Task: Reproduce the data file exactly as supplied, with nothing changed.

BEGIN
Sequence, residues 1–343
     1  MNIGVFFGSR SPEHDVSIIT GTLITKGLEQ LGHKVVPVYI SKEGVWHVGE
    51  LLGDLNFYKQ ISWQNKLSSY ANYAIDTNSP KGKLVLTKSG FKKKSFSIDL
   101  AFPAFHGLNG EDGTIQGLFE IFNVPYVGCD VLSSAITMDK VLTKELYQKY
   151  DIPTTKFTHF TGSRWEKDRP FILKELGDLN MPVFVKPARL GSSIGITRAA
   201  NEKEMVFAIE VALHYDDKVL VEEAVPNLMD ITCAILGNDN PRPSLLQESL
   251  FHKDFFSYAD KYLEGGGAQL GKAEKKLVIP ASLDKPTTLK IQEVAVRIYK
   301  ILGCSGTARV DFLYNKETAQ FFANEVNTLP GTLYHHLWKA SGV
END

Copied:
Sequence, residues 1–343
     1  MNIGVFFGSR SPEHDVSIIT GTLITKGLEQ LGHKVVPVYI SKEGVWHVGE
    51  LLGDLNFYKQ ISWQNKLSSY ANYAIDTNSP KGKLVLTKSG FKKKSFSIDL
   101  AFPAFHGLNG EDGTIQGLFE IFNVPYVGCD VLSSAITMDK VLTKELYQKY
   151  DIPTTKFTHF TGSRWEKDRP FILKELGDLN MPVFVKPARL GSSIGITRAA
   201  NEKEMVFAIE VALHYDDKVL VEEAVPNLMD ITCAILGNDN PRPSLLQESL
   251  FHKDFFSYAD KYLEGGGAQL GKAEKKLVIP ASLDKPTTLK IQEVAVRIYK
   301  ILGCSGTARV DFLYNKETAQ FFANEVNTLP GTLYHHLWKA SGV